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People like me (was "experts")
- From: Jonathan Robie <Jonathan.Robie@SoftwareAG-USA.com>
- To: Mike.Champion@SoftwareAG-USA.com, firstname.lastname@example.org
- Date: Fri, 30 Mar 2001 10:28:49 -0500
My initial reaction to this thread was similar to Marcus Carr's - if we
don't want experts designing our systems, who should design them, amateurs?
I think the real point that Simon is making is that systems should be
- People with relevant real-world experience
- People who are "like me" - where I suspect "like me" means like Simon,
when he is writing.
- People with common sense
It's hard to argue with any of that, and I'd be glad to have someone like
Simon on most Working Groups I have been on, but it's also important to
realize that the meaning of each of these phrases is relative to the
problem that is being solved.
What is relevant real-world experience? Well, suppose you were putting
together a group to write an XML query language. I would want some people
who have used SQL on a regular basis, some people who have used full-text
systems, some people who are well versed in XSLT. But I would also want
some people who have designed type systems, query optimizers, parsers, XML
repositories, etc. I would like a few people who are just really good at
going out and figuring out what the potential users really want. Suppose
you were designing a schema language. I would want a similar blend, but
instead of people who have used SQL, I would want some people who have
designed lots of DTDs and schemas; similarly, expertise in query optimizers
would not be particularly helpful, but experience in designing systems that
infer useful information from DTDs or schemas would be very relevant. Some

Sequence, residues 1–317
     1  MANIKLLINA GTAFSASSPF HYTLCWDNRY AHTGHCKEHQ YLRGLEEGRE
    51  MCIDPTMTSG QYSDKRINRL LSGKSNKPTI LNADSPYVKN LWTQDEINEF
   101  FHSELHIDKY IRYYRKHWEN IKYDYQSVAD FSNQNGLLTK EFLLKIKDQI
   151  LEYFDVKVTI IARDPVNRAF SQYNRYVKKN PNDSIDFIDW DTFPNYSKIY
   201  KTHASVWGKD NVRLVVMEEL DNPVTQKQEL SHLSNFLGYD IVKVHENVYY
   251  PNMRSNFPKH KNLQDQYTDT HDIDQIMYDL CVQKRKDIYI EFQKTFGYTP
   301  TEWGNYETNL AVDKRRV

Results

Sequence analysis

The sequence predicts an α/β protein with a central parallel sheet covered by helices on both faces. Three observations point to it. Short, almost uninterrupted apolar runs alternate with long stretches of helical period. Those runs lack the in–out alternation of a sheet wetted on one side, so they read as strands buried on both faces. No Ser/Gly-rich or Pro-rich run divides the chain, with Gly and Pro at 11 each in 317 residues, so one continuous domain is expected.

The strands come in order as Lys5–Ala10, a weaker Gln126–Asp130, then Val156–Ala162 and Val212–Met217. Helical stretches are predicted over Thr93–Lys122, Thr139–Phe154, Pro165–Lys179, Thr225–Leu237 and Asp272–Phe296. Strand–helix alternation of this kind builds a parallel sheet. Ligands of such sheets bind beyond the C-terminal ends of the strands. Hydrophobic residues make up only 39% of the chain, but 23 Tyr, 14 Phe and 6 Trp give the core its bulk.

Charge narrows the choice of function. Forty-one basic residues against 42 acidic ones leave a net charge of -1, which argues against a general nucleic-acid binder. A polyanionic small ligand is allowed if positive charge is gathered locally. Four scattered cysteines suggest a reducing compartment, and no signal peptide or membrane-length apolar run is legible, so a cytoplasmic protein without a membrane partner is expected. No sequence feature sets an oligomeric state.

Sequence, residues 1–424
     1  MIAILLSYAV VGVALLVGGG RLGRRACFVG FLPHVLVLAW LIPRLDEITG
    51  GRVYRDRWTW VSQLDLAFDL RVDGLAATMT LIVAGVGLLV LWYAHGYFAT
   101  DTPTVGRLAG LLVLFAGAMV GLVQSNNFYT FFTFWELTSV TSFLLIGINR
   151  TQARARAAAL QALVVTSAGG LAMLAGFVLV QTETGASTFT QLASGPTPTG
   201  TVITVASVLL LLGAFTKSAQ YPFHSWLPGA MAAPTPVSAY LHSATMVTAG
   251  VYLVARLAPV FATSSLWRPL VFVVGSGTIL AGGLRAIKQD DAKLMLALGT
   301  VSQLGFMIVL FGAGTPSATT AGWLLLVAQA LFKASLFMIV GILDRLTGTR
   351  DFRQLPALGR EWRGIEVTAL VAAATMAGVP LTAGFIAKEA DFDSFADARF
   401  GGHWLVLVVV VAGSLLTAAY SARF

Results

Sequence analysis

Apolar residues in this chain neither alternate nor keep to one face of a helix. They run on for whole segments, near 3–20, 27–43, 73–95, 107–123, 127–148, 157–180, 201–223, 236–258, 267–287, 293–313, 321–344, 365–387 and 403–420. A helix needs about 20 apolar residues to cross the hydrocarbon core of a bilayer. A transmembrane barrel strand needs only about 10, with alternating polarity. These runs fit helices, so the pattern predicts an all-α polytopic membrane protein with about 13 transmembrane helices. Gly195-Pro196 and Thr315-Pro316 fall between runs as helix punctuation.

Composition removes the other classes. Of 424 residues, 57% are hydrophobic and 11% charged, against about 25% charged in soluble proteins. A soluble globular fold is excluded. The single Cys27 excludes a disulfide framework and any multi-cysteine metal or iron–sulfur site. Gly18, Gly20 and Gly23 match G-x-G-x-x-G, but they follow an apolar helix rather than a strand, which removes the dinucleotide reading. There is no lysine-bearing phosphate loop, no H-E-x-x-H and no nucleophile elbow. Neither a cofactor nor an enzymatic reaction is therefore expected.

of these people are "like me", others are quite unlike me. In general, I
don't think it helps to try to come up with an image of the prototypical
person who should be working on standards - we need a real blend of very
different people. It is very easy for me to overrate the importance of what
I know, and underrate the importance of what these other people know. After
all, I may not even have any idea what it is that they know! And on any
Working Group, I spend some frustrating time trying to explain to others
why the part that I understand is also important.
As for common sense, I think it is important to remember that it has two
1. Native good judgment; sound ordinary sense.
2. The set of general unexamined assumptions as distinguished
from specially acquired concepts: Common sense holds that
heavier bodies fall faster than lighter ones.
-- The American Heritage Dictionary
You want to keep good judgement as you acquire new knowledge and
techniques. It doesn't hurt to know physics, though, and there are times
that common sense is wrong. Or more frequently, common sense might
reasonably lead to more than one conclusion, and some method is needed to
decide between them.
I love quotes on common sense, and I can't resist including a few after my
"Common sense is the most evenly distributed commodity in the world, for no
man finds himself to lack it."
-- John Stewart Mill
Common sense is judgment without reflection which is shared
by an entire class, a people, a nation, or the whole human race.
-- Giovanni Battista Vico
Judging by common sense
is merely another phrase for judging by first appearance...
The men who place implicit faith in their own common sense
are, without any exception,
the most wrong-headed and impracticable persons.
-- John Stewart Mill
Common sense is the collection of prejudices acquired by age 18.
-- Albert Einstein
Perception is based, to a very large extent,
on conceptual models, which are always inadequate,
often incomplete, and sometimes profoundly wrong.
-- Lyall Watson
A doctor says:
(to a patient who recovered due to unorthodox treatment)
Sir, it would be better to die according to the rules
than to live in contradiction to the faculty of medicine.
Every start upon an untrodden path
is a venture which only in unusual circumstances
looks sensible and likely to be successful.
-- Albert Schweitzer